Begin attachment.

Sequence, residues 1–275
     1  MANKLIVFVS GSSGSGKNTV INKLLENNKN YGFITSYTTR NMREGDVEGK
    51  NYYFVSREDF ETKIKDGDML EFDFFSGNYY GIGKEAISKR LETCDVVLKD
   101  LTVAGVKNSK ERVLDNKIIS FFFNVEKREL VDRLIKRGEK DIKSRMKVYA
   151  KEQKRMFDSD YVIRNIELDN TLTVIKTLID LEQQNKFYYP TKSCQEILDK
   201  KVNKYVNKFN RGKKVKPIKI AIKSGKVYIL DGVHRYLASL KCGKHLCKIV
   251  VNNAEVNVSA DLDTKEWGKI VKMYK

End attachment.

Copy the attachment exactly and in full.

Sequence, residues 1–275
     1  MANKLIVFVS GSSGSGKNTV INKLLENNKN YGFITSYTTR NMREGDVEGK
    51  NYYFVSREDF ETKIKDGDML EFDFFSGNYY GIGKEAISKR LETCDVVLKD
   101  LTVAGVKNSK ERVLDNKIIS FFFNVEKREL VDRLIKRGEK DIKSRMKVYA
   151  KEQKRMFDSD YVIRNIELDN TLTVIKTLID LEQQNKFYYP TKSCQEILDK
   201  KVNKYVNKFN RGKKVKPIKI AIKSGKVYIL DGVHRYLASL KCGKHLCKIV
   251  VNNAEVNVSA DLDTKEWGKI VKMYK